On 17 May 2018 Parliament passed the Local Government (Councillor Complaints) and Other Legislation Amendment Act 2018.
These amendments will provide a simpler, more streamlined system for making, investigating and determining complaints about councillor conduct in Queensland.
The changes will require Local Governments to implement new procedures for dealing with councillor conduct complaints and mandatory Code of Conduct training for councillors in the coming months.
Before conducting a hearing
Under section 177A of the Local Government Act 2009 the tribunal may, without conducting a hearing of the complaint, order that all or part of the complaint be dismissed or struck out if it considers it to be:
- frivolous, vexatious or misconceived
- lacking in substance
- otherwise an abuse of process.
If the tribunal dismisses or strikes out all or part of a complaint it must given written notice to the local government's chief executive officer (if that person originally assessed the complaint), the Director-General of the Department of Local Government, Racing and Multicultural Affairs, the accused councillor and the person who made the complaint.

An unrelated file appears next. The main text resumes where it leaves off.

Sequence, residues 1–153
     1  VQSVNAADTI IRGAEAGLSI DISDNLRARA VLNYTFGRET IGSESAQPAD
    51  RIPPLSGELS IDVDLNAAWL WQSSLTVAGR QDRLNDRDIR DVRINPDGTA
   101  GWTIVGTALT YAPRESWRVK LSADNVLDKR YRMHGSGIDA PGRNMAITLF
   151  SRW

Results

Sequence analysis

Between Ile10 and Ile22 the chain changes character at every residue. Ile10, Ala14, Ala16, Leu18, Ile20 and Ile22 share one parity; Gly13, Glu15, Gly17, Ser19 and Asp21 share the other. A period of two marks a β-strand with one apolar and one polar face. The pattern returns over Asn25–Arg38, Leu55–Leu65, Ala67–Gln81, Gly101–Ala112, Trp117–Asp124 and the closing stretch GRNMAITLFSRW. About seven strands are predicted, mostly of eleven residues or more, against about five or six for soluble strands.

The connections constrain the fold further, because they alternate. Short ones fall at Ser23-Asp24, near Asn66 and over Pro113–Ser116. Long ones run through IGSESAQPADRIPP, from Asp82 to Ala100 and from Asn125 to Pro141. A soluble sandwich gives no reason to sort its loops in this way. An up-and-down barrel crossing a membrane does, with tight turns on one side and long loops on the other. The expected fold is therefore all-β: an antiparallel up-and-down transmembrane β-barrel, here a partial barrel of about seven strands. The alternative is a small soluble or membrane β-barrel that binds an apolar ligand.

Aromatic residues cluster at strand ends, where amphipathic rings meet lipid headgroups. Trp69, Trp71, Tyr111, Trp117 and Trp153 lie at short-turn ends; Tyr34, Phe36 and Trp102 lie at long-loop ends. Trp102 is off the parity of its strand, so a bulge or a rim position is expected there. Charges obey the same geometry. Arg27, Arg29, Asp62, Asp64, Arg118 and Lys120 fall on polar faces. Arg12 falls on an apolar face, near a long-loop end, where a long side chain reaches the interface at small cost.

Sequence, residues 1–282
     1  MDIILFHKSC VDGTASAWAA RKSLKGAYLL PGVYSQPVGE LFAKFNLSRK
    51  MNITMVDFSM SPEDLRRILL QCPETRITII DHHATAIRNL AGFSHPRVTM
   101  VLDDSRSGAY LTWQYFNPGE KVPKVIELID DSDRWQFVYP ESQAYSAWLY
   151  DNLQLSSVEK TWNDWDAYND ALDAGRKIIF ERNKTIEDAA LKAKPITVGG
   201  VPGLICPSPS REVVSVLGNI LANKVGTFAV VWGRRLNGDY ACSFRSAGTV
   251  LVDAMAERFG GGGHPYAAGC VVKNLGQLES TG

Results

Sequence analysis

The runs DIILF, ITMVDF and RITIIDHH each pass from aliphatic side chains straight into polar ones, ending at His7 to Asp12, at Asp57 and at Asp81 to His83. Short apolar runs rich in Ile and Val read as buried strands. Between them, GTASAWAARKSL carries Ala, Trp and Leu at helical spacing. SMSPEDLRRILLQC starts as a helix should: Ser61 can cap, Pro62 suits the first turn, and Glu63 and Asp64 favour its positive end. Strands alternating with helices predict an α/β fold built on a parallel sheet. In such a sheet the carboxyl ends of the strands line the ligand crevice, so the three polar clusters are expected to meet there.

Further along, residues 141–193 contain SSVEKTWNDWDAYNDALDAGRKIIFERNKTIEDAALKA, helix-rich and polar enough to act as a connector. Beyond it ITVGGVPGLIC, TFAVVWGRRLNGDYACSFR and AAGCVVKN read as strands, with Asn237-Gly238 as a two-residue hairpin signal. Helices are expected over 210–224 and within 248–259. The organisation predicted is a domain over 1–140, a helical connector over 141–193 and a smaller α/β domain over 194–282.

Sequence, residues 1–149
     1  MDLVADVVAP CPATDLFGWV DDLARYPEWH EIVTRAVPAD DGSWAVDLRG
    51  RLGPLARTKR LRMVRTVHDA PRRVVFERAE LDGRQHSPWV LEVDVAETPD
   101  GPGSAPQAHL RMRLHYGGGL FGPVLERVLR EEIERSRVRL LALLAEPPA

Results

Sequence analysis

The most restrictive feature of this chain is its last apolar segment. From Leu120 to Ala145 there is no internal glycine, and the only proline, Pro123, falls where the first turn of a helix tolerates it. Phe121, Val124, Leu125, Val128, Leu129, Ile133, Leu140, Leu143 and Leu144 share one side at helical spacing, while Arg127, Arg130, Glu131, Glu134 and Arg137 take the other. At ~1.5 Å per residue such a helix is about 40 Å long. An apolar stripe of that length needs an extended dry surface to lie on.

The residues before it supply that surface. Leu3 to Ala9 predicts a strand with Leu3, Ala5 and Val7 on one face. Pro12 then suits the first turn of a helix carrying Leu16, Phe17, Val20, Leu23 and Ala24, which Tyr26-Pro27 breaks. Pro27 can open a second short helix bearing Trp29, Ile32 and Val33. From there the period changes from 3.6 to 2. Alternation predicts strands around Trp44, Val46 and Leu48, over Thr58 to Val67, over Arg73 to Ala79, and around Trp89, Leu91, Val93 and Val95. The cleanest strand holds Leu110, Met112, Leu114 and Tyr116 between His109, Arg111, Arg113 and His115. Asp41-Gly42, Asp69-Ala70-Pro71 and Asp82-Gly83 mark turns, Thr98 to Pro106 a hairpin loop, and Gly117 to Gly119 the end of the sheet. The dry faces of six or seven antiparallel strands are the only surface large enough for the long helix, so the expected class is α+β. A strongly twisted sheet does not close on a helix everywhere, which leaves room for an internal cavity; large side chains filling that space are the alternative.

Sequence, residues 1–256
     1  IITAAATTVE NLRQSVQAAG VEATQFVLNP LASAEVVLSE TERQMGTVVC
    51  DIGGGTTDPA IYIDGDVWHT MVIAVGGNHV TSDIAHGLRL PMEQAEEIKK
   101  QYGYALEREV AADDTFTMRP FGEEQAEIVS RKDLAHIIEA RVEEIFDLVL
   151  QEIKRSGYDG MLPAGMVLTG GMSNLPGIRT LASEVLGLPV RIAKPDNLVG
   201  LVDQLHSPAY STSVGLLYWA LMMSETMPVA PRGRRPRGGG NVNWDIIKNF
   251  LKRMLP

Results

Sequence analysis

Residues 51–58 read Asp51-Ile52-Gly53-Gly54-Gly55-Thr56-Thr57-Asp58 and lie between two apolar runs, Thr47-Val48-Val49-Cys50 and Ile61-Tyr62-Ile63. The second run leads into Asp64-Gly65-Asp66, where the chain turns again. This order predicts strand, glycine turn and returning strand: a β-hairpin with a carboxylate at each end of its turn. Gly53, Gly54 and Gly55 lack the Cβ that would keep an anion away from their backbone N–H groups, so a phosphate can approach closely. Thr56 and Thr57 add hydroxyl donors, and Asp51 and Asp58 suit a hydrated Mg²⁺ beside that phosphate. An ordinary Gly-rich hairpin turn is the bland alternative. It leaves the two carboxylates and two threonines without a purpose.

If the tribunal decides to hear the complaint it must:
- give the accused councillor written notice about the hearing and the alleged misconduct at least seven days before the hearing (section 178, Local Government Act 2009)
- also, where the complainant is also a councillor, require the complainant to appear before the tribunal and confirm the complaint (section 177A, Local Government Act 2009).
Hearing and deciding complaints
The tribunal must conduct its hearings in the way set out by Chapter 7, part 1 of the Local Government Act 2009.
In particular the tribunal must observe natural justice and act as quickly and informally as is consistent with a fair and proper consideration of the issues.
The tribunal may call witnesses, by giving them a written notice, to give evidence or to produce specific documents at a hearing.
However the tribunal may decide all or part of the hearing from the documents brought before the tribunal, without the parties or witnesses appearing, if the tribunal considers it appropriate or the parties agree (section 179, Local Government Act 2009).
The standard of proof in the hearing is the balance of probabilities.
The tribunal must keep a written record of the hearing, including all statements and reports.